If you’ve been considering bankruptcy or discussed your options with an Orlando bankruptcy attorney, chances are you’ve come across the term “cram down.” The meaning of the phrase isn’t immediately obvious and many of the definitions out there are a little confusing, so here we’re just getting right down to the basics of what a cram down is and who might want to consider one. Let’s start with a simple definition.
In a Chapter 13 bankruptcy, a debtor may “modify the rights of holders of secured claims.” With the assistance of your Florida Chapter 13 bankruptcy attorney, you may be able to modify the rights of an existing contract or in other words, change the terms of how you had previously agreed to repay a debt. Typically, cram downs are used on car loans in a chapter 13 bankruptcy proceeding, but may also be useful with other types of loans, including those secured by real property.
Back to the Original Question: In a Florida Bankruptcy, What is a Cram Down?
As an example, let’s take a driver who buys a car worth $15,000 but because of the lending rates, late fees or simply the devaluation of the car when it’s driven off the lot, the driver owes closer to $20,000 on it, or $5,000 more than the car is actually worth. As more and more Floridians have lost jobs to the poor economy or have gone through an unexpected, expensive medical experience, more and more car loans look exactly like this.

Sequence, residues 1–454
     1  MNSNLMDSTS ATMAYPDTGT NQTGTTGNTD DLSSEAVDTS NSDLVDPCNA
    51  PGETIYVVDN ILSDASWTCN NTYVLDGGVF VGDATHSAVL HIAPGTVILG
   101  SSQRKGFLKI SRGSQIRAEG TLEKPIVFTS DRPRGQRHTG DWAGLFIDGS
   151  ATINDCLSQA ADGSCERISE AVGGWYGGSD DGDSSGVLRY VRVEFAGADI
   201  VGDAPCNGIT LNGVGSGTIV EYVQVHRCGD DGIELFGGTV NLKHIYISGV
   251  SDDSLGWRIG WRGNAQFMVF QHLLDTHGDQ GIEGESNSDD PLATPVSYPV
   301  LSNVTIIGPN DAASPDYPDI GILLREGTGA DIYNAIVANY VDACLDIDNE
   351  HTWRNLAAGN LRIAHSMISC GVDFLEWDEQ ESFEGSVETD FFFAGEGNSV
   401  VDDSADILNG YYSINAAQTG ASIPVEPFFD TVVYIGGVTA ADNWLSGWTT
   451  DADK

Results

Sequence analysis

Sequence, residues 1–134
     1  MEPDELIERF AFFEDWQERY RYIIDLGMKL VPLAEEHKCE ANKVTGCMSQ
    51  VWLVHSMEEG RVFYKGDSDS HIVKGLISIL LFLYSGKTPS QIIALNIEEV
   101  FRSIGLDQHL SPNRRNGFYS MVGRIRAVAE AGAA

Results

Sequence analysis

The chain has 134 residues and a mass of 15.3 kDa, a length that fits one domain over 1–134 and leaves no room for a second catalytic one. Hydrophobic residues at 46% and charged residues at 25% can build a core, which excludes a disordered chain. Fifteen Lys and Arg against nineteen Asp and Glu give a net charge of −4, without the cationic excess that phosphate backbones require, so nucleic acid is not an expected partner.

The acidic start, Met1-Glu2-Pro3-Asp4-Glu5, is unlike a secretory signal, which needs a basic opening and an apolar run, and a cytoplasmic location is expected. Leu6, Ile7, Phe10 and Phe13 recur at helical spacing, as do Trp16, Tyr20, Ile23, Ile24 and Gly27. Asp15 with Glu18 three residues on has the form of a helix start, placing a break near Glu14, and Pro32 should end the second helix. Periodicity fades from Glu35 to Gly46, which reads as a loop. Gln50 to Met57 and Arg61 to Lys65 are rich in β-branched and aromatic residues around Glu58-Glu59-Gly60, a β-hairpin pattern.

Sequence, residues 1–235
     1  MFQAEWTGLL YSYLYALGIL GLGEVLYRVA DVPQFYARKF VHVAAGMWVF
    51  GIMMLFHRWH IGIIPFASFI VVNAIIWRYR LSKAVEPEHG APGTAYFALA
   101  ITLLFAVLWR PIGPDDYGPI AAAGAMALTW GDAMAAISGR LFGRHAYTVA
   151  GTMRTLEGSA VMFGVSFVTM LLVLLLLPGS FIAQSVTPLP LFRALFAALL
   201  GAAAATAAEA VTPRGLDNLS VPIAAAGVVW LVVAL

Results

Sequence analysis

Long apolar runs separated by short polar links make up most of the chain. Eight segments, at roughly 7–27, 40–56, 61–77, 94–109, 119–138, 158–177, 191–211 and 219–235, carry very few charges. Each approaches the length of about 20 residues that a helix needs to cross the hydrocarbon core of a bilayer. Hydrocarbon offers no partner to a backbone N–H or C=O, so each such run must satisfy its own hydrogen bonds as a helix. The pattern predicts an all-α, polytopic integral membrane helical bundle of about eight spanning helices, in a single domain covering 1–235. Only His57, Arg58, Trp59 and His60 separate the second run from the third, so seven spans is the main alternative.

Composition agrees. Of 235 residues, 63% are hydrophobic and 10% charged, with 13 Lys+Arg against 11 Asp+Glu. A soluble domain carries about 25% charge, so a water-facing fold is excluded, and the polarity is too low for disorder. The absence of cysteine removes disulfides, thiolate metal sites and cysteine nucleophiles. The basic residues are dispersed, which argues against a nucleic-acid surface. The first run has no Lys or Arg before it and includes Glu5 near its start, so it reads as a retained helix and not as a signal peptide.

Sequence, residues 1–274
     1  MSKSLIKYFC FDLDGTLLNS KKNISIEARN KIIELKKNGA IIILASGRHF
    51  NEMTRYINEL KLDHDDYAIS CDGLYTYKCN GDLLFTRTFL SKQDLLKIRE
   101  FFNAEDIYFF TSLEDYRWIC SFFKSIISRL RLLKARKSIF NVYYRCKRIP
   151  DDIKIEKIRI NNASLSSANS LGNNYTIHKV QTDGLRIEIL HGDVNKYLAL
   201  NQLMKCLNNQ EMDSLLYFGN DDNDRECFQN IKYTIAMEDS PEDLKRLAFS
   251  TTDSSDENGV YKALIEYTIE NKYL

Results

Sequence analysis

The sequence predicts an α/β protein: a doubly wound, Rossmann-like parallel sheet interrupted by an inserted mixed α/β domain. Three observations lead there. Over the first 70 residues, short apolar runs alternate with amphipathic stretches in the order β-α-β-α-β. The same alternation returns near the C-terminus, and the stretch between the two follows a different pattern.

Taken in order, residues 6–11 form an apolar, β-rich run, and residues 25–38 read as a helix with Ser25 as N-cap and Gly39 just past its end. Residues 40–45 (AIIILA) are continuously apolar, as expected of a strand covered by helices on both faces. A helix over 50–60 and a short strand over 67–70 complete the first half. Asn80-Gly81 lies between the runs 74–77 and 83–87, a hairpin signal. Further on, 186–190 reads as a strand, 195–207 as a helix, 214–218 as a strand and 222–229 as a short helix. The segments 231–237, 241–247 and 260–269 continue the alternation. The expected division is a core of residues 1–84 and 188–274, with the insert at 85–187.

Queue the cram down. The cram down agreement would result in that extra five thousand dollars being classified, through bankruptcy, as an unsecured claim. The breakdown looks like this:
- Value of car: $15,000
- Amount owed on car: $20,000
- Secured amount, as part of a Chapter 13 bankruptcy filing: $15,000
- Unsecured amount, as part of a Chapter 13 bankruptcy filing: $5,000
The secured portion of the debt, $15,000, would be included in the repayment plan that you have developed with your Florida bankruptcy attorney as part of your Chapter 13 bankruptcy filing. You would be required to repay the secured amount. Once you’ve completed your Chapter 13 bankruptcy, the unsecured portion would be discharged for pennies on the dollar, meaning you would essentially be erasing the $5,000 unsecured portion for much less than $5,000.
There may be additional savings in the interest rate that is applied to the secured amount. This is often less that the interest rate that was originally agreed on when the car was purchased.
There are some limitations. For instance, you must have owned any car you are attempting to “cram down” for around two and a half years, or 901 days, to be exact. Furthermore, you cannot cram down a property that you call your primary residence. In any event, a cram down can be an incredibly powerful tactic to employ in a Chapter 13 case. A bankruptcy attorney in your area can fully explain all your options based on your financial situation.